Introduction
Chest pain at its most basic level is the body warning itself about injury or possible injury to a structure in the chest. The chest contains many different structures so pinning down the source of the pain can be difficult. Parents and patients are usually very upset about this common symptom because they know that in adults chest pain often signifies myocardial infarction (heart attack). However, cardiac causes of chest pain are among the least likely causes in pediatric patients. Symptoms are chronic in over half of the patients seen, but 81% of these resolve over time.

There are two main types of pain that can help the doctor to decide where the symptom is coming from. The first type is somatic pain, which is usually described as sharp, burning, stabbing, and is often easy to point to. Somatic pain arises from the skin or just under it, or may come from muscle and bones. The second type is visceral pain, which originates in organs and body cavity linings. It is frequently described as dull, pressure or vice-like, and it can be difficult to point out a specific area affected. Armed with knowledge of which of these pain types is affecting the patient, the doctor can significantly narrow down the number of possible diagnoses.

1) Idiopathic Chest Pain

The most common cause of chest pain is idiopathic, meaning that no organic or psychological cause for the pain is ever found by medical work up, accounting for 12-85% of all pediatric chest pain. This cause is most common in adolescent females during periods of rapid growth. This is a diagnosis of exclusion, being made only when all other tests have been inconclusive, and most often resolves on its own over time.

2) Musculoskeletal Chest Pain

Diagnosed in 15-30% of cases, musculoskeletal pain is usually the result of muscle strain or overuse. Symptoms often follow physical exercise like weight lifting, pushups or school sports, especially if the patient is not used to such activity. Musculoskeletal chest pain is generally somatic pain and can be reproduced in the office by the physician in the majority of cases. The following are causes other than muscle strain:

3) Pulmonary Chest Pain

Chest pain originating in the lung explains 12-21% of cases, and is more common in children under 12 years old. Most pulmonary causes can be diagnosed by chest x-rays and listening with the stethoscope. The three most common sources are asthma, pneumonia and chronic cough. The majority of pulmonary chest pain is made worse with deep breathing or coughing and is often sharp in character; this is called "pleuritic" pain. In addition to these three, other, rarer causes follow:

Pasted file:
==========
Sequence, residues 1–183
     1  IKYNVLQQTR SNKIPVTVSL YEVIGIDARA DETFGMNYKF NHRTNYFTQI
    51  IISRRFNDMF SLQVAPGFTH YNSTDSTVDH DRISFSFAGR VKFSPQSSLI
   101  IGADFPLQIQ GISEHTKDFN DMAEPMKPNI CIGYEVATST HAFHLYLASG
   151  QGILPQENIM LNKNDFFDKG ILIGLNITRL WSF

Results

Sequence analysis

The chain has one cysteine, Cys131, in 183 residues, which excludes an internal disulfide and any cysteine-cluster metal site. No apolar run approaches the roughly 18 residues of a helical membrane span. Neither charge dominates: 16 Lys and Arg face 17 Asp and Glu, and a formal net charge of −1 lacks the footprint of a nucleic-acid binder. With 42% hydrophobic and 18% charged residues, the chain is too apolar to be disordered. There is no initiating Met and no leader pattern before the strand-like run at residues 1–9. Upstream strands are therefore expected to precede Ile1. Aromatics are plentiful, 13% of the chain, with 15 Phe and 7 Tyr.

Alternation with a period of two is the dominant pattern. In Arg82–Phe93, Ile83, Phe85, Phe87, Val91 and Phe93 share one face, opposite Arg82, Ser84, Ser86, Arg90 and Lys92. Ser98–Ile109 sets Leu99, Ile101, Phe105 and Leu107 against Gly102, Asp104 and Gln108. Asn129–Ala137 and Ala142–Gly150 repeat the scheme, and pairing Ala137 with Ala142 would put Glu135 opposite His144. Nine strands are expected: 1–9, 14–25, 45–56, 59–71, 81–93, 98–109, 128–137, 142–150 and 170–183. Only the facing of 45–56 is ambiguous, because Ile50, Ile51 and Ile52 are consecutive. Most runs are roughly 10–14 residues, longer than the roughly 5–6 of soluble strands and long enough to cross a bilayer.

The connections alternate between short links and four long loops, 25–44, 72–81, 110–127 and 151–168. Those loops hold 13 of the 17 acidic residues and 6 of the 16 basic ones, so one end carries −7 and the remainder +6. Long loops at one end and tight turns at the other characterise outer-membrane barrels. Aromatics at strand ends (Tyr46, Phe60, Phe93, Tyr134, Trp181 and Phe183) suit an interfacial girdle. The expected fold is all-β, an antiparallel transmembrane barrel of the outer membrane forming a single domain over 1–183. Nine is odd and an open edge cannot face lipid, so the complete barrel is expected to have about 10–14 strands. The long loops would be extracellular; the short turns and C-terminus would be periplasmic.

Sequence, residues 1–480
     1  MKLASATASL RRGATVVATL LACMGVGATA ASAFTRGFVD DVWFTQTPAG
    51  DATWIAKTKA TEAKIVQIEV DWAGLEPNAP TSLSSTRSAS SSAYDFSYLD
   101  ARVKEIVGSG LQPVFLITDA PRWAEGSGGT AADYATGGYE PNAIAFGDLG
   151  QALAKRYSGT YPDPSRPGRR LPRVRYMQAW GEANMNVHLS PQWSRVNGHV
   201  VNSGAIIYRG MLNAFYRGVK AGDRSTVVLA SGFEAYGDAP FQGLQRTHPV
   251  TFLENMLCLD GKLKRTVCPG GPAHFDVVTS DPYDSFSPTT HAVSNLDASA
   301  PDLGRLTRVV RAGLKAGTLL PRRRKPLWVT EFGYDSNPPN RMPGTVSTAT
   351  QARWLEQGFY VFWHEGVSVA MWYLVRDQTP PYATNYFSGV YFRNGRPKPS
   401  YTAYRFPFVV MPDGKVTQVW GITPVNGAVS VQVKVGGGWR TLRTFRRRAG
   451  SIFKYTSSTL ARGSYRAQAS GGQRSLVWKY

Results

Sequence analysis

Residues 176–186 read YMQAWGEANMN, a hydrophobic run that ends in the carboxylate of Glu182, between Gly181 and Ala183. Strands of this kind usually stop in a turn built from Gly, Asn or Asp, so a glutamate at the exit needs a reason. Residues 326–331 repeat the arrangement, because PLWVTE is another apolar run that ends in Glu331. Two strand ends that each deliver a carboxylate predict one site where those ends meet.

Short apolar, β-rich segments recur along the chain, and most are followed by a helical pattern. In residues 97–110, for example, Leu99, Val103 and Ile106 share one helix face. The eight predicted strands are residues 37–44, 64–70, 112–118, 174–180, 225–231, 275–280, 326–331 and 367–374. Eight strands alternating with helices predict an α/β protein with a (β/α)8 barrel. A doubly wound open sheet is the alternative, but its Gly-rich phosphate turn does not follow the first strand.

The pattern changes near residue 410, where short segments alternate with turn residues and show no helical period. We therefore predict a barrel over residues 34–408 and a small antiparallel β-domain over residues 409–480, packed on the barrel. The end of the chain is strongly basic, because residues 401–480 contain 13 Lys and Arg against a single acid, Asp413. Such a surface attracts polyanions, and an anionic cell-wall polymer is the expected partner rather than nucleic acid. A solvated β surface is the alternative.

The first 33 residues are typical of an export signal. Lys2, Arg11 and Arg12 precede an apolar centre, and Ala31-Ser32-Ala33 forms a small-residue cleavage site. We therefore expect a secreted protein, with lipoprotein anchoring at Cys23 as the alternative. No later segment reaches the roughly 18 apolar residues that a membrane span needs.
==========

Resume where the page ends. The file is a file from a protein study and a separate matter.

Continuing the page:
4) Psychological Chest Pain

Psychological causes in the absence of organic causes account for 5-17% of chest pain in pediatrics. There is an increased frequency in females. Most often the patient has one or more significant life stressors that precede the pain, such as death of a family member, school problems, divorce in the family, fights or problems with peers, abusive or violent families, etc. Hyperventilation also falls into this category of problems.

5) Gastrointestinal Pain

Pain coming from the esophagus, gut and liver is only implicated in 4-7% of chest pain cases. The two most common causes are as follows:

6) Cardiac Chest Pain

The heart is the cause of chest pain in only 4-6% of cases. Even of those patients referred to cardiologists only 5-15% had a cardiac cause for their pain. Of course, though they are rare, cardiac causes are important because they tend to be the most dangerous of all the causes of chest pain. A history of syncope (fainting), palpitations, previous cardiac surgery or a family history of unexplained early deaths all raise suspicion of cardiac problems. The tests used for working up cardiac pain are careful listening with the stethoscope, ECG, and occasionally an echocardiogram.

Another type of pain that is found predominantly in heart causes of chest pain is "ischemic" or "angina"—described as crushing or pressure on left side of chest or on center of chest sometimes radiating to left arm. Ischemic pain is usually felt with or after exertion, builds to a peak then subsides, lasting only minutes. This type of pain is due to decreased oxygen reaching the muscle cells of the heart itself. The following are the most common sources of cardiac pain:

 

References

For further reading about this subject and a more complete list of all possible etiologies of chest pain in pediatrics, try:

Kocis, Keith C.: Chest Pain in Pediatrics. Pediatric Clinics of North America Volume 46 (2): 189-201, 1999